Vacant properties are prime targets and the most exposed for theft. Thieves know no one is inside, so they select vacant property since there is a lower likelihood of being caught. Even if the building is completely empty of all contents, thieves may still strike to steal copper piping or other valuable building components or appliances.
That also means potential danger to your health and safety. Thieves aren’t experts in disconnecting or shutting off natural gas services. When gas appliances are stolen, and improperly disconnected, gas could build-up overnight or during the day, posing a significant risk to realtors, appraisers and construction crews when they return to the property.
Before you enter a vacant home or one under construction, do a perimeter check and peer into the windows. Does it look how you left it or does anything look misplaced or out-of-the-ordinary? This could be a sign that someone has intruded your space.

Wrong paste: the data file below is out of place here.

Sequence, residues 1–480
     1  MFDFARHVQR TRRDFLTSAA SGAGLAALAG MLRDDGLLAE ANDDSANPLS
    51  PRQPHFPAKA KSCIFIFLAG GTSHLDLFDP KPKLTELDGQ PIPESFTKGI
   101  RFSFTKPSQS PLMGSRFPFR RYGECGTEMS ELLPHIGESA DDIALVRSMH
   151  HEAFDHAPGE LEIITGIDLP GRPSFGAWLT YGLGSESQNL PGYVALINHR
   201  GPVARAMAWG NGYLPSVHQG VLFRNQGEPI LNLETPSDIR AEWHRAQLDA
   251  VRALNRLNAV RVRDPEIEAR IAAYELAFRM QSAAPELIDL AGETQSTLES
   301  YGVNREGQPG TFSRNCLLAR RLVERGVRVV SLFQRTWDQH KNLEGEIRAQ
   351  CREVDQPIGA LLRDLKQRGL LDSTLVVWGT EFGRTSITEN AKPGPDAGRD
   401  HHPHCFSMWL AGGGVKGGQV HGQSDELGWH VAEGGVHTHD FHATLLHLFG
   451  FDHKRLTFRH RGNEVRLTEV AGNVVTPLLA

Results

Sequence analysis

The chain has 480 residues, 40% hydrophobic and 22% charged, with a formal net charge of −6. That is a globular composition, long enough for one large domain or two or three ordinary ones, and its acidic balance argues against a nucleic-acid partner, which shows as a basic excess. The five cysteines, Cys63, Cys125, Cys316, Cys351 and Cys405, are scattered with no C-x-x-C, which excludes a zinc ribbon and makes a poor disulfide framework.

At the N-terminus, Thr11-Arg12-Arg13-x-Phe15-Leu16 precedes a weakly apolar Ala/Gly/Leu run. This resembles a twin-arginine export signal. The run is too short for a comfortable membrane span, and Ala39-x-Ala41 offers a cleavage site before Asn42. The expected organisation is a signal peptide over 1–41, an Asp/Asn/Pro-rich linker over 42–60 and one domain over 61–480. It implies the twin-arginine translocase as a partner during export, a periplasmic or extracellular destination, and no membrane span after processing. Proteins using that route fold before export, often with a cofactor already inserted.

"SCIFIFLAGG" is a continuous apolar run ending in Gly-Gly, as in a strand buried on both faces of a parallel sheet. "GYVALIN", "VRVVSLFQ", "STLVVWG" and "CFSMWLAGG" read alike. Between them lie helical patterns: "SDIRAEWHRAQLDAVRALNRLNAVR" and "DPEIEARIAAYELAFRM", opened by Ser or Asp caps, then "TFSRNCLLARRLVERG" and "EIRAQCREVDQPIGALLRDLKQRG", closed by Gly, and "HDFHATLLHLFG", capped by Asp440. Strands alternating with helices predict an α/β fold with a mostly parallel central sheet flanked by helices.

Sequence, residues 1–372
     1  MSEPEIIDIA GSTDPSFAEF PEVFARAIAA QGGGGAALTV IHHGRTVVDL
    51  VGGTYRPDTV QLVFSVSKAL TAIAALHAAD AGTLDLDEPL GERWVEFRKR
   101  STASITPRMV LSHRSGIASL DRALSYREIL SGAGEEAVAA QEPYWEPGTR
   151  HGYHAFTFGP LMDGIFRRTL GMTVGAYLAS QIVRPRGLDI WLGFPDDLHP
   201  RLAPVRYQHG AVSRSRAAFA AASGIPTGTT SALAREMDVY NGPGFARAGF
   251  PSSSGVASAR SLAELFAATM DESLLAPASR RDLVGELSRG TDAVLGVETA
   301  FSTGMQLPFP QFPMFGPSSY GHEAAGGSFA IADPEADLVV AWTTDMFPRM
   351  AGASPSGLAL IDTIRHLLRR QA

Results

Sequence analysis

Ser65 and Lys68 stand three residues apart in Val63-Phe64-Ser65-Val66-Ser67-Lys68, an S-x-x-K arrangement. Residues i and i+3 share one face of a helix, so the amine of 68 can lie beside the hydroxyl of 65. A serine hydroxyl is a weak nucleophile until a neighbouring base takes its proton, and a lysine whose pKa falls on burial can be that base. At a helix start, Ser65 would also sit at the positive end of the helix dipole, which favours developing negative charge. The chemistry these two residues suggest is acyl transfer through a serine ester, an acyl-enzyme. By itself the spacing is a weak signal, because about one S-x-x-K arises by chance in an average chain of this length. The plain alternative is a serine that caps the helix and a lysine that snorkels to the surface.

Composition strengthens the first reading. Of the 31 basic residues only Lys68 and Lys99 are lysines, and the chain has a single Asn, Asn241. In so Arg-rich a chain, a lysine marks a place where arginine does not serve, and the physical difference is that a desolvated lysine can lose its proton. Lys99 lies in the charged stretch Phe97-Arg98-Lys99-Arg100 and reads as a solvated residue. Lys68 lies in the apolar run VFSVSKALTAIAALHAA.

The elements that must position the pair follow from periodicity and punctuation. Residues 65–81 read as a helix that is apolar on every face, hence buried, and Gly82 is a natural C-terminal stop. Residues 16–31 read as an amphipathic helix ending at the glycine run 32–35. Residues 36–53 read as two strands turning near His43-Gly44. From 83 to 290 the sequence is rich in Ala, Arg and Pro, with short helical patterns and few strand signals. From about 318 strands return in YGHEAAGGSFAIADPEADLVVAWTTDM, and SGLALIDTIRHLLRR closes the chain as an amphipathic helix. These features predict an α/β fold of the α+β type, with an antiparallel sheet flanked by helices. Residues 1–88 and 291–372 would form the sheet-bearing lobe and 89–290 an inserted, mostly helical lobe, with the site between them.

Use this helpful checklist to know what to spot, what to do and what precautions to take to prevent against theft.
What to spot:
- Broken Window
- Cracked door frame or partially open door
- Tampered locks or tiny nicks that may be hard to see, but could indicate a break-in
- Lights that don’t turn on or are broken
- Smell of rotten eggs or natural gas odors
What to do:
- Do not enter the home if you thin someone has been inside since you last visited
- Call 9-1-1 immediately
- If you smell gas, also call DTE at 800.947.5000
What precautions to take:
- Install security alarms before rehabbing a home, not after the project is complete
- Ask neighbors to keep an eye out for work crews, and ask them to verify with you if those are the right crews
- Pay attention to litter outside of the property and pick it up. Litter can serve as a signal to thieves and could be a clue that your building is a potential target
- Don’t leave a new appliance box in front of the house. It lets thieves know there’s something worth stealing inside